by Todd Fulginiti
As humans, we’re all born with a few “not-so-adorable” traits that really get on other people’s nerves. It’s ok though. Hopefully we’ve all learned to tolerate each other and to get along well for the most part. But despite our generally good, accepting and forgiving nature, there are certain things we can do that really try the patience of everybody around us, especially as we sit in theaters, bars, concerts and restaurants. These things are on full display to us musicians, who spend a good bit of time watching people interact as we scan the crowd during performances and set breaks.
So in the interest of human brotherhood and happy audiences, here are 10 commonly observed behaviors to avoid at venues of various kinds.
1. Cackle Screaming & Bro Yells: Cackle Screaming is the term I use to describe the half-laugh/half-scream that erupts out of some women after several glasses of whatever it is they’re drinking. Usually reserved for bar and restaurant situations, the Cackle Scream often happens during periods of relatively low crowd noise, although it is certainly capable of cutting through the loudest of rooms. A startled silence usually follows the Cackle Scream while others in the room process the origin of such a disturbing sound. Men aren’t off the hook though. Bro Yells are basically the male equivalent of the Cackle Scream except that men usually yell words like “bro” or “dude”, or perhaps some other barely intelligible phrase. Bro Yells sometimes come with another irritating characteristic- arm swinging. Whether swung up, down, backward, forward, in or out, the arms usually ending up hitting innocent bystanders, adding to the irritation.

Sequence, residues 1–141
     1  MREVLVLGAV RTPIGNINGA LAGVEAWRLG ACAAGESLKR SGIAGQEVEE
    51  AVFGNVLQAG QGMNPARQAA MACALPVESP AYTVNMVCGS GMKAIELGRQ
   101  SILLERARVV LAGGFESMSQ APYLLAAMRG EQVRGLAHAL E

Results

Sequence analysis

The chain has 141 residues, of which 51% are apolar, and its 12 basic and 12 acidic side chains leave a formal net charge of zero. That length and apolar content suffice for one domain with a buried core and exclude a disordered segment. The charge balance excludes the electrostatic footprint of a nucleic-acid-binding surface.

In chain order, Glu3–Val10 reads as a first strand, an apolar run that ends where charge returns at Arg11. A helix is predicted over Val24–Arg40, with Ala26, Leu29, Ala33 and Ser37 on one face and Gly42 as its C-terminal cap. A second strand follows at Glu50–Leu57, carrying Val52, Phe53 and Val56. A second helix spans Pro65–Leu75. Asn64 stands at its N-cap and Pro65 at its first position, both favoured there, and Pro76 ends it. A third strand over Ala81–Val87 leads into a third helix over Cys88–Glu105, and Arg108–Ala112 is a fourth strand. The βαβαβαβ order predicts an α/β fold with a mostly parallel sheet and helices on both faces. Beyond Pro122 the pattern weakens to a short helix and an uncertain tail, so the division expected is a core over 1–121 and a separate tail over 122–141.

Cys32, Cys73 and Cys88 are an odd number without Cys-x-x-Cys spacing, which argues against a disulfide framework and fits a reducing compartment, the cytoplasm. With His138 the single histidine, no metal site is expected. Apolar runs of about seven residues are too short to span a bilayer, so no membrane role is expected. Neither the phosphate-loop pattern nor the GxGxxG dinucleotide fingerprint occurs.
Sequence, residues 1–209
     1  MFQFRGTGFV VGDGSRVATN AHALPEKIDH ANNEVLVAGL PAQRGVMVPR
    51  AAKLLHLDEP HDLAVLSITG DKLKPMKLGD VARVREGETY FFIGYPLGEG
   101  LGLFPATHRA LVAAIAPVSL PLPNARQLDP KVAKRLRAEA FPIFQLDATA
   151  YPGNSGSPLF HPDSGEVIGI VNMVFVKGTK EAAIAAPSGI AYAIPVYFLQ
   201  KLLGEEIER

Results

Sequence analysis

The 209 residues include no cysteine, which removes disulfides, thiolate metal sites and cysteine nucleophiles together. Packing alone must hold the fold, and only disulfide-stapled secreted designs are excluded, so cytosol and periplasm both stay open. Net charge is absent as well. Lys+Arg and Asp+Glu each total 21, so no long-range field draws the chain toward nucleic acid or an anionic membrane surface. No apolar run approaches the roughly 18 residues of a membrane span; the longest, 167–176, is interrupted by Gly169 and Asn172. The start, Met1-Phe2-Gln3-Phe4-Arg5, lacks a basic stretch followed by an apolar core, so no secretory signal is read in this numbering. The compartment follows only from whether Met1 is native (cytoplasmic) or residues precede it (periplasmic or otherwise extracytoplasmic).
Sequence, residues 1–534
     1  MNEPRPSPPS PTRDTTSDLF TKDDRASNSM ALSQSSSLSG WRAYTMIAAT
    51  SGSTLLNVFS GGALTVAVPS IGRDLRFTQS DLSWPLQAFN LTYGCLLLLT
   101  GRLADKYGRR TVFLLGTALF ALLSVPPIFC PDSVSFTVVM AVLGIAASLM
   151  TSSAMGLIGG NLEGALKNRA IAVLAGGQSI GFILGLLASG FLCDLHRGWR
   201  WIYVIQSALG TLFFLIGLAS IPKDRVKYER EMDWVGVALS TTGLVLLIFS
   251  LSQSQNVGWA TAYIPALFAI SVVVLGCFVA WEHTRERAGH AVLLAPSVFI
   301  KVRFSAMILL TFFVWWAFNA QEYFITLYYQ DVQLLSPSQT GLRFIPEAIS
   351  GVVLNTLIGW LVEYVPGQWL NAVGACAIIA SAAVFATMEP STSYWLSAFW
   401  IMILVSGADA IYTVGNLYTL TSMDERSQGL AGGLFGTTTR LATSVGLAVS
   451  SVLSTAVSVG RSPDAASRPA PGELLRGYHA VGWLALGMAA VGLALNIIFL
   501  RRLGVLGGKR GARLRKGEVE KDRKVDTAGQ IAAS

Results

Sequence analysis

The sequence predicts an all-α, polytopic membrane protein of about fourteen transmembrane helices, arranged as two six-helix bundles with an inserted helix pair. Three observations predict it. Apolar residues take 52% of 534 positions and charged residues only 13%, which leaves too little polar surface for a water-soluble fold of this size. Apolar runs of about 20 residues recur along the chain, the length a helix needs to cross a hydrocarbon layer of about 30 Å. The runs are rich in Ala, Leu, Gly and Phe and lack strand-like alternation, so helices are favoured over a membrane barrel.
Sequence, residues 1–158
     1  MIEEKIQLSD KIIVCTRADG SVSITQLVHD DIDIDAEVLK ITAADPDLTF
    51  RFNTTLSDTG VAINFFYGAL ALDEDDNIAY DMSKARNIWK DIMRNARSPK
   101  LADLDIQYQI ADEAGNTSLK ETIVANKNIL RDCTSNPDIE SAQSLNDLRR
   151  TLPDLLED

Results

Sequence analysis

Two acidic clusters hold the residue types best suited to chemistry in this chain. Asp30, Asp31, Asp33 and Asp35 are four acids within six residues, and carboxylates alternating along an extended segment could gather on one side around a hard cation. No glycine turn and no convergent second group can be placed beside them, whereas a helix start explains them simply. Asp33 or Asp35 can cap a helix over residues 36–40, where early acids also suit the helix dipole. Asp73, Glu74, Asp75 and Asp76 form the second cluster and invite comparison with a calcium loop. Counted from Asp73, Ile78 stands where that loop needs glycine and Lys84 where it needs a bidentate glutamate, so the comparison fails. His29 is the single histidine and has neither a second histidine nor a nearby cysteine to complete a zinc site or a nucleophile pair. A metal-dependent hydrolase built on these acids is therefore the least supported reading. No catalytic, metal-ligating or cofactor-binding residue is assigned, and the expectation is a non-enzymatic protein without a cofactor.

2. Your Baby Is My Baby: As any parent knows, eating out or attending concerts with very young children is a risky venture, as unpredictable as a game of craps. Your Baby Is My Baby occurs when Junior’s behavior gets out of control and the parents do nothing about it, allowing everybody else to suffer as well. Junior should not be screaming, talking loudly, fidgeting excessively or running around the place. Junior’s behavior should not distract others from listening to the music, watching the show, or carrying on with conversation or dinner. If any of these things occur, Junior needs to be taken out of the room by a parent. Yeah, that stinks for Mom & Dad, but that’s parenting. Plus, it stinks worse for everybody else if Mom & Dad don’t take care of business with Junior.
3. The 24/7 Comment Period: Attending concerts, theater shows and movies is not the same thing as watching YouTube videos at home with friends. At home, it’s totally cool to talk before, during and after each video. It’s ok to give all of your opinions anytime you wish. The 24/7 Comment Period occurs when concert goers don’t know that YouTube rules do not apply to live concert performances. In live settings, it’s only ok to share comments between pieces, during applause, at intermission, or after the show. And people who straight-up talk during the performance are the worst! I don’t know why, but we seem to have forgotten how to whisper. Now many of us just talk full volume in all situations. As an experiment, the next time you feel the urge to say something during a performance, stop and imagine what would happen if everybody in the audience did it too.
4. Arrive Late But Don’t Wait: This bad behavior is seen in more formal concert settings when latecomers allow their tardiness to effect those already in their seats. By itself, showing up late to an event is not a problem. Life gets messy and plans get derailed sometimes. The problem of Arrive Late But Don’t Wait occurs when latecomers fumble around in the dark, looking for their seats, often shining cell phone lights, climb over others to get to their seats, and repeatedly apologize as they step on everybody else’s toes. Instead of this scene, latecomers should just listen patiently from the back of the house and get an usher to assist them at the end of the song or piece.